For the first three or four days, I was so afflicted by the motion of thevessel, that I could bestow little attention on any external object; myeyes were so confused and dazzled, that I saw nothing beyond the corner ofthe deck on which I had caused my carpets to be laid; and a fewejaculations to Castor and Pollux were all the articulate sounds that Iuttered. By degrees, however, the weight of my depression began to bealleviated; and at intervals, more particularly during the night watches,if I was not altogether in possession of myself, I was at least wellenough to enjoy a sort of giddy delight in watching the billows as theyrose and retreated from the prow. There were moments, also, in which thebehaviour of Boto, under this new species of calamity, could furnish me,as it had already done the more hardy of my fellow-voyagers, with store ofmirth. Near us frequently, upon the deck, sat a Captain of the PraetorianBands, who, more than any other of these, displayed a florid complexionand cheerful eye, unalterable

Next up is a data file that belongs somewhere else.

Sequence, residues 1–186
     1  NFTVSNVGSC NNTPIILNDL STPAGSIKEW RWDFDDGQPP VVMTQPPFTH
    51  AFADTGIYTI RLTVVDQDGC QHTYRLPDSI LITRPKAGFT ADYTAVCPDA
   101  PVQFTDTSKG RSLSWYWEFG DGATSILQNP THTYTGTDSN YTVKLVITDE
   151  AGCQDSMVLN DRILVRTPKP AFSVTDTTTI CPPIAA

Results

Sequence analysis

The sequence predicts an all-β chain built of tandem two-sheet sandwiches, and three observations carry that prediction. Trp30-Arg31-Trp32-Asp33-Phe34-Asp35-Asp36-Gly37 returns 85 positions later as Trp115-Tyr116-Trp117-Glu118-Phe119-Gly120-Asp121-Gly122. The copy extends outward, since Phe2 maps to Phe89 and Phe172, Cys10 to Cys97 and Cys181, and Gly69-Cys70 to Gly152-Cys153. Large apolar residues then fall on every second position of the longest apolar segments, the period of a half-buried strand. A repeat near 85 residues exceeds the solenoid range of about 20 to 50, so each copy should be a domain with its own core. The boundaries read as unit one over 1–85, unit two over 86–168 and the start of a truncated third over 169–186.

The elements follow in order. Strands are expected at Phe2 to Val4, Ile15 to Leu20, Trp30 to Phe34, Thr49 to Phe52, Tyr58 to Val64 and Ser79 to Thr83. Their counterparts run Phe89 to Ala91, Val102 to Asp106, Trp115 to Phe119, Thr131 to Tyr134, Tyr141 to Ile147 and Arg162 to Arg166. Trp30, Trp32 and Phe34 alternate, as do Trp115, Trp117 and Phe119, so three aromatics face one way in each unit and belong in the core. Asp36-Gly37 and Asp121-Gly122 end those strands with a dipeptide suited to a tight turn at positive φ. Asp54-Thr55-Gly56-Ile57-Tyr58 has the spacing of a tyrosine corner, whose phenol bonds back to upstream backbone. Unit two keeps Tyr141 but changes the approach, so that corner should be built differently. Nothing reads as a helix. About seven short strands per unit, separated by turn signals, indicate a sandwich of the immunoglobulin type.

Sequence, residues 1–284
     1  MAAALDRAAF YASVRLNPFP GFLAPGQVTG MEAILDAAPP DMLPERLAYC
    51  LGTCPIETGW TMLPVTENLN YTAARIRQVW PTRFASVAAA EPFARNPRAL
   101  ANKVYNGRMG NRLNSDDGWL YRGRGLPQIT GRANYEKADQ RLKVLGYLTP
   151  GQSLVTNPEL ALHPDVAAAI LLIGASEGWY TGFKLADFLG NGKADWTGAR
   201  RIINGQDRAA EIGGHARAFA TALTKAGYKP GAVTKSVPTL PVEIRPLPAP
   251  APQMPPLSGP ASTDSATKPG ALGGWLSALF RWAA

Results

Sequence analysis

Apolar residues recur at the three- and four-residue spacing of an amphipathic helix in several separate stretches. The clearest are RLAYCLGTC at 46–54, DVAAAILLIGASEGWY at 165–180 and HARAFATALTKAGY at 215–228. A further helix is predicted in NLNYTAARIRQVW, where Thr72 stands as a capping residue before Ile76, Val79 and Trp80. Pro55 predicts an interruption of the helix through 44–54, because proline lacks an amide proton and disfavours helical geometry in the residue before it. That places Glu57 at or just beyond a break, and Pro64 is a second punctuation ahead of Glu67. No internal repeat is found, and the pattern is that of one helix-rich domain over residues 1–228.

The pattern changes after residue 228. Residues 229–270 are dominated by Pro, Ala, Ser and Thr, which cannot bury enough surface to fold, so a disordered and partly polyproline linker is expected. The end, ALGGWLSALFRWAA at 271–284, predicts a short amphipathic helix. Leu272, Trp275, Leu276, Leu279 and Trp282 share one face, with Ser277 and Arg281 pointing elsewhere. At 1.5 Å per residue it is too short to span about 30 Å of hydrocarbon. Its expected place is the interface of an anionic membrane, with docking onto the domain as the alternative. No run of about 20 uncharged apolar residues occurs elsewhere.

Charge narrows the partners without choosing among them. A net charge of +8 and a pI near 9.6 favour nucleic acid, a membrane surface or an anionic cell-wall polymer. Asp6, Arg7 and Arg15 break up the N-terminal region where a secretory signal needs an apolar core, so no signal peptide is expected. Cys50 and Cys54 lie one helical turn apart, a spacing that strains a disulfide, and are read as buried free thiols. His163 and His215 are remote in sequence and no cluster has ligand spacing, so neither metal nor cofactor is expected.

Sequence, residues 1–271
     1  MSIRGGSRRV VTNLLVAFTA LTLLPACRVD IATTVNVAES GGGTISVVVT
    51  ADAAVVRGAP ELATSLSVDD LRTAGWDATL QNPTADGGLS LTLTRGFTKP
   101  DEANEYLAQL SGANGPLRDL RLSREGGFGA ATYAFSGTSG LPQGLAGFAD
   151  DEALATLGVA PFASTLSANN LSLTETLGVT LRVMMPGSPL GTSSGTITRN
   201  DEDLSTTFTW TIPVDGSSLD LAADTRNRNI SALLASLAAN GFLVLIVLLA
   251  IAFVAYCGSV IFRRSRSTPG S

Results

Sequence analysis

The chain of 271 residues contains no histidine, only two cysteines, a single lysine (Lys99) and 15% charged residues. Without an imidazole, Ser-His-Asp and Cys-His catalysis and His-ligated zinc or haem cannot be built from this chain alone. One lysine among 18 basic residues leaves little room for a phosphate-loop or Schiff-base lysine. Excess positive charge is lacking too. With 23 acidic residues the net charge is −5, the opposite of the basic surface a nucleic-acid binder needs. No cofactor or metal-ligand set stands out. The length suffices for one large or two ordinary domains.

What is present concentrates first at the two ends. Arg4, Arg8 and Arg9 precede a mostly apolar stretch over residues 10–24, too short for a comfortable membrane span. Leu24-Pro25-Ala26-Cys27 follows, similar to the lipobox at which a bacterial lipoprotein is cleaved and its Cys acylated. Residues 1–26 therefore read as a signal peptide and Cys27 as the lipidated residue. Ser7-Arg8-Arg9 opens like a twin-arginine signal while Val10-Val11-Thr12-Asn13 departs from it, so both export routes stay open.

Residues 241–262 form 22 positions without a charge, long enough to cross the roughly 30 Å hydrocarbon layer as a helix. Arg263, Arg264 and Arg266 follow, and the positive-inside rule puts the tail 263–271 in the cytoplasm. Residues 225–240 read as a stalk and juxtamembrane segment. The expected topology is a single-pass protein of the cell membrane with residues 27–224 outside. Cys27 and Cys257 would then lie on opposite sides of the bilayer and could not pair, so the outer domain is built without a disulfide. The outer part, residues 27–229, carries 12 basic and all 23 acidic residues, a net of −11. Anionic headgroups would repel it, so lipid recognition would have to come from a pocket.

by the fluctuation of the waters. ThisSabinus had served in all the wars of Agricola, and accompanied him evenin his perilous circumnavigation of the islands which lie scattered to thenorth of Britain. He had also gone back to Rome with his commander, not,like him, to extenuate imperial jealousy by the affectation of indolence,but to seek for new occupation on some other disturbed frontier of theEmpire. In Syria and Cappadocia he had spent some years; after which, hehad attended the Emperor himself through Maesia and Illyricum, and allthose countries he traversed and retraversed, during that shameful contestin which so many Roman eagles were made the prey of barbarous enemies, andwhich terminated at last in that cowardly treaty, by which Domitiangranted a diadem to Decebalus, and condescended to place the Roman Senateamong the tributaries of a Dacian. Our friend had also strutted his partin that gorgeous triumph, or rather succession of triumphs, by which thedefeated and disgraced Prince, on his return from the Ister, mocked theeyes and ears of the incredulous and indignant Romans. In a word, he hadpartaken in all kinds of fortune, good and evil, and preserved hisrubicundity and equanimity unaltered in them all. Having attained to asituation of some dignity, he had now been visiting Britain on a specialmessage from the new Emperor, and was returning in the hope that no futureaccident of fortune, or princely caprice, would ever again make itnecessary for him to quit the shows and festivities of the capital.